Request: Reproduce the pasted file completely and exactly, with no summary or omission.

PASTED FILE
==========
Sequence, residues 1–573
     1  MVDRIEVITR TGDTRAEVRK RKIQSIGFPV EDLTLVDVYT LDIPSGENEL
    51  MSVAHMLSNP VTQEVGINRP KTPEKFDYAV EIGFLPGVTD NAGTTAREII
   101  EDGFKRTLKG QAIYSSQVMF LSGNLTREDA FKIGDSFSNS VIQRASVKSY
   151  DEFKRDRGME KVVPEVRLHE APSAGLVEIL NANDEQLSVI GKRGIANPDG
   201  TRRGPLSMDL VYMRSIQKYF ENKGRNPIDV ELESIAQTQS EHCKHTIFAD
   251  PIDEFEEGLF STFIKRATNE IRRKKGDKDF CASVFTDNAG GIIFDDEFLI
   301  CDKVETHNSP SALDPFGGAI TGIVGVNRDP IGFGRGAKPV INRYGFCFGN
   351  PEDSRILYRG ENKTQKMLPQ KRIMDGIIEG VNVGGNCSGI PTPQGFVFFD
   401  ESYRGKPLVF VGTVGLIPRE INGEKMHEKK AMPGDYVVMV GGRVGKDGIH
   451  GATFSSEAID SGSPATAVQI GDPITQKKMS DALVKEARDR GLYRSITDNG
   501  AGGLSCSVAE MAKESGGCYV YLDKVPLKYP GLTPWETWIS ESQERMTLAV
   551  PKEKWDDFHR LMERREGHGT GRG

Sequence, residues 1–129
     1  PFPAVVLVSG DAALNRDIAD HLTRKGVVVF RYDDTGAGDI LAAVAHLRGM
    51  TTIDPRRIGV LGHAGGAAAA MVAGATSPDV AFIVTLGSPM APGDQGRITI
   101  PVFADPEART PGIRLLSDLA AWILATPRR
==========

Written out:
Sequence, residues 1–573
     1  MVDRIEVITR TGDTRAEVRK RKIQSIGFPV EDLTLVDVYT LDIPSGENEL
    51  MSVAHMLSNP VTQEVGINRP KTPEKFDYAV EIGFLPGVTD NAGTTAREII
   101  EDGFKRTLKG QAIYSSQVMF LSGNLTREDA FKIGDSFSNS VIQRASVKSY
   151  DEFKRDRGME KVVPEVRLHE APSAGLVEIL NANDEQLSVI GKRGIANPDG
   201  TRRGPLSMDL VYMRSIQKYF ENKGRNPIDV ELESIAQTQS EHCKHTIFAD
   251  PIDEFEEGLF STFIKRATNE IRRKKGDKDF CASVFTDNAG GIIFDDEFLI
   301  CDKVETHNSP SALDPFGGAI TGIVGVNRDP IGFGRGAKPV INRYGFCFGN
   351  PEDSRILYRG ENKTQKMLPQ KRIMDGIIEG VNVGGNCSGI PTPQGFVFFD
   401  ESYRGKPLVF VGTVGLIPRE INGEKMHEKK AMPGDYVVMV GGRVGKDGIH
   451  GATFSSEAID SGSPATAVQI GDPITQKKMS DALVKEARDR GLYRSITDNG
   501  AGGLSCSVAE MAKESGGCYV YLDKVPLKYP GLTPWETWIS ESQERMTLAV
   551  PKEKWDDFHR LMERREGHGT GRG

Sequence, residues 1–129
     1  PFPAVVLVSG DAALNRDIAD HLTRKGVVVF RYDDTGAGDI LAAVAHLRGM
    51  TTIDPRRIGV LGHAGGAAAA MVAGATSPDV AFIVTLGSPM APGDQGRITI
   101  PVFADPEART PGIRLLSDLA AWILATPRR